You’re probably thinking “Why on Earth would Rob, after months of relative inactivity, return with an article about the Miss USA pageant?” I respect the question. The issue for me, however, is not the Miss USA pageant. The pageant is merely a tangential backdrop to the larger issue: the vilification of Christianity in the name of “tolerance”. For those who haven’t followed the story, this year’s Miss USA pageant featured celebrity blogger Perez Hilton as one of its judges. During the final round questioning, Perez asked Carrie Prejean, the current Miss California USA, whether she supported the legalization of same-sex marriage.
Bernie Mac, the Emmy and Golden Globe nominated actor and comedian who worked his way to Hollywood from an impoverished upbringing in Chicago’s South Side and who, along with Steve Harvey, Cedric the Entertainer and D.L. Hughley, was one of the “Original Kings of Comedy”, died Saturday due to complications from pneumonia at age 50.
Born Bernard Jeffrey McCullough in Chicago on October 5, 1957, Mac was raised by a single mother, Mary, whom Mac said inspired him to become a comedian. In a 2001 interview, Mac recalled that when he was five, he saw his mother crying on the couch while “The Ed Sullivan Show” was playing on T.V.
The July 21, 2008 cover of the New Yorker will feature a drawing depicting Barack Obama, in full militant muslim garb, giving a “fist jab” to an afro-headed, fatigue-clad, AK-47 toting Michelle Obama while standing in the Oval Office with a picture of Osama bin Laden on the wall and the American flag burning in the fireplace. The response has been critical, to say the least. But for all that the New Yorker’s image has been called, one thing it is not is funny. And the militant muslim Obama caricature lacks funniness not because it’s offensive, but because it misses the necessary context, or accompaniment, to make it funny. It simply isn’t funny. That the New Yorker would even evoke Barack Obama’s image in an attempt at some form of comedy, however, raises an important question: why haven’t we heard more jokes about Obama?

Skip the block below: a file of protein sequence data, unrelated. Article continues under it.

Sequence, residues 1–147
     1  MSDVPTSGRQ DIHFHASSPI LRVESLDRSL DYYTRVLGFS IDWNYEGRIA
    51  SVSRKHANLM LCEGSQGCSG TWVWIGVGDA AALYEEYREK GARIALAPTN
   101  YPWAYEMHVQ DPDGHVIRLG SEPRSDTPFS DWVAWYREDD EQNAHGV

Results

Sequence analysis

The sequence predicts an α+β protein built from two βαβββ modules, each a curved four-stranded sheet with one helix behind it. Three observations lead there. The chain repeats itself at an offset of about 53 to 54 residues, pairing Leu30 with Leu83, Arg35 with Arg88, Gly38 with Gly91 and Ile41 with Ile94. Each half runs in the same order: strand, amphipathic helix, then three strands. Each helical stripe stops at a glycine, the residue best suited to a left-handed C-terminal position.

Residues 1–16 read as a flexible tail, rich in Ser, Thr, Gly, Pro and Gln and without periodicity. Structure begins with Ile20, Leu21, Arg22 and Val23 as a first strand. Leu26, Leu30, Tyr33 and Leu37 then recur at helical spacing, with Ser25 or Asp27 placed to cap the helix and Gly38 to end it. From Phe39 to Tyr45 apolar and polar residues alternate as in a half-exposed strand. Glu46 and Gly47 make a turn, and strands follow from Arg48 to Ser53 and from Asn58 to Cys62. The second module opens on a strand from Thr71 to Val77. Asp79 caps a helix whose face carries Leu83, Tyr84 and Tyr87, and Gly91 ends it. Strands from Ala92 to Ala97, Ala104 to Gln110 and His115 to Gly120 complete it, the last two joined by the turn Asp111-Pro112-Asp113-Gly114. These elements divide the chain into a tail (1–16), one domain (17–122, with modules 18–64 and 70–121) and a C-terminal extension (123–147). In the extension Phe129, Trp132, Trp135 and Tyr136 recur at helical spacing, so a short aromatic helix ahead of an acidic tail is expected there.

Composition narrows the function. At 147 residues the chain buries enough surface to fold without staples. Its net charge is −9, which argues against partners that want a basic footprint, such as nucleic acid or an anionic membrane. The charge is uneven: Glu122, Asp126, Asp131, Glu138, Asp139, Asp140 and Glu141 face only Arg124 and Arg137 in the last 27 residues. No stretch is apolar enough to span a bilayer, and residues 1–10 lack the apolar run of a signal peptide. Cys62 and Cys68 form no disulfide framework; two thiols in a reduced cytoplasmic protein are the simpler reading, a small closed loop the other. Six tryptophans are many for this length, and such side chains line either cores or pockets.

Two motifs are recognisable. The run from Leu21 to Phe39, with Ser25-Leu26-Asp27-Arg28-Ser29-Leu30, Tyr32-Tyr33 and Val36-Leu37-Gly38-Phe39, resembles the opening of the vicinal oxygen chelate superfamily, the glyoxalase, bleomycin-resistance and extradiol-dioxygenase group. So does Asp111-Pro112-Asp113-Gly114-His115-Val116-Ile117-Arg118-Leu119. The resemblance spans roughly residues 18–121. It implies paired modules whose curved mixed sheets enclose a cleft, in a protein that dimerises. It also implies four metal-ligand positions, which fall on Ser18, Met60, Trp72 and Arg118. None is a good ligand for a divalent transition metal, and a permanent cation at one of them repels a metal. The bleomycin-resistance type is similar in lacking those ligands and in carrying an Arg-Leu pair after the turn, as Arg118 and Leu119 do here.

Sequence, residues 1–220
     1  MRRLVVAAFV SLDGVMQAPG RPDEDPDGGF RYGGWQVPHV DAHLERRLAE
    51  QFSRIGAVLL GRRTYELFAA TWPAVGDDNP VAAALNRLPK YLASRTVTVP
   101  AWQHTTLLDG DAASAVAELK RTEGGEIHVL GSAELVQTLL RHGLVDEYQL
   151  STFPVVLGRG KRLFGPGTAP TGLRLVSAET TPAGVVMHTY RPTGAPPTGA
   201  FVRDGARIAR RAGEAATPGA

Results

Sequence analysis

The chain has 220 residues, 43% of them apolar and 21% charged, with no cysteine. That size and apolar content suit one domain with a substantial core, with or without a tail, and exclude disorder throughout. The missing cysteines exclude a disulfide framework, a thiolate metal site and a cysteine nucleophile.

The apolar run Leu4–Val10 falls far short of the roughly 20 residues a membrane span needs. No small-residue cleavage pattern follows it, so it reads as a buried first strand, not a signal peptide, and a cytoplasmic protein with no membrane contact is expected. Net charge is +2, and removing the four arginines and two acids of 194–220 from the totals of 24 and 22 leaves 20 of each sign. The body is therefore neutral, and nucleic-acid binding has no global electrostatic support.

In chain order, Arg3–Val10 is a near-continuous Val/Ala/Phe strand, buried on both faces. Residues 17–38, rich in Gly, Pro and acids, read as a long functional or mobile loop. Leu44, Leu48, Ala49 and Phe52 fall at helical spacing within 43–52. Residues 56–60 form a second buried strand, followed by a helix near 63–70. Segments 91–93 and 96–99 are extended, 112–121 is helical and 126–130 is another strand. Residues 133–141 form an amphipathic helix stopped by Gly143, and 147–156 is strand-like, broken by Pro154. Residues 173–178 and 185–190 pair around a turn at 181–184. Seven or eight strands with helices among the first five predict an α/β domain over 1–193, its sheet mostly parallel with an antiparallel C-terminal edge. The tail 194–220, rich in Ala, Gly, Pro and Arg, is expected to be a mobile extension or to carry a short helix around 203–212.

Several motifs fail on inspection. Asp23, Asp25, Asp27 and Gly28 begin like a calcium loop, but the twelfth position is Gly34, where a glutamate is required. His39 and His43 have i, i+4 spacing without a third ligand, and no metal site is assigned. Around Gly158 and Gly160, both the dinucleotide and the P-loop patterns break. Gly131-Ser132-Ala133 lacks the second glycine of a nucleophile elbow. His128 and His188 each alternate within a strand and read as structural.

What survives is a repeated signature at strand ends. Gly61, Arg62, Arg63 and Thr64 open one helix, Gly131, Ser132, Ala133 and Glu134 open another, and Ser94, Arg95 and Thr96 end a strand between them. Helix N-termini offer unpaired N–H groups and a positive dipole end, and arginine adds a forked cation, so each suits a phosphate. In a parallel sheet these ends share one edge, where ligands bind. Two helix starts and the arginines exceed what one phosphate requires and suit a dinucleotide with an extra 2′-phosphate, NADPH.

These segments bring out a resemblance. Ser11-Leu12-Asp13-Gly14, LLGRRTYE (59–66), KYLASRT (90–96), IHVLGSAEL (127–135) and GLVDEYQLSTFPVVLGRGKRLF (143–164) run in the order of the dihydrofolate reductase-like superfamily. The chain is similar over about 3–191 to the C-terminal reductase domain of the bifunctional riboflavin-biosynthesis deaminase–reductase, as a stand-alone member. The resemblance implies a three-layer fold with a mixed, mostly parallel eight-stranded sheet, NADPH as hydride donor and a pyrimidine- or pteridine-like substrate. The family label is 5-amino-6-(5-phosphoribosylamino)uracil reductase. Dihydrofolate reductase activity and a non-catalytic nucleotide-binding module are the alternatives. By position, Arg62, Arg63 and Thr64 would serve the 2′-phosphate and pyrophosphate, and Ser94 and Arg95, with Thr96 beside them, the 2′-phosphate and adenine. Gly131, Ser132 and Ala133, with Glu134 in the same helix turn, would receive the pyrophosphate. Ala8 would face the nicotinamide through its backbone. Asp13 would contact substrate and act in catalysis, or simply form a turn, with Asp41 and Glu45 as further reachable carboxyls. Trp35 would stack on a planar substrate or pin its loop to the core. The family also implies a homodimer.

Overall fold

There is a national debate concerning not only whether marriage should be legally defined as a union between one man and one woman, but also whether the U.S. Constitution should be amended to include that definition. The overwhelming majority of arguments for or against a constitutional amendment banning same-sex marriage are rooted in moral and/or religious values. While I am sensitive to those arguments, I feel that the principles of our Constitution make a constitutional amendment banning same-sex marriage unwarranted.
Considering the Constitution’s 27 Amendments and considering the founders’ guiding principle of government of the people - not government over the people - an amendment defining marriage would have no place in the Constitution. With the exceptions of the 13th and 14th Amendments and some procedural Amendments that define aspects of government function, the Amendments to the Constitution dictate the relationship between the federal government and U.S.
In light of rising antipathy to the war in Iraq, is it now appropriate to revisit the question of whether any war can be justified? That seems to be the question raised by Nicholson Baker in his new book “Human Smoke,” which seeks to reexamine whether World War II, our modern model of a “just war”, was “just” at all. While I have not read Nicholson Baker’s book, and will not cast judgment on whether Baker is qualified to examine WWII (recall that Nicholson Baker also wrote “Vox”, which detailed a phone sex conversation and will have its place in history as the book Monica Lewinsky gave Bill Clinton as a present), neither the particulars of “Human Smoke” nor of Nicholson Baker’s credibility are necessary for a discussion of the broader question presented by Baker (and, presumably, the pacifists for whom Baker purports to speak) - whether armed conflict is ever justified.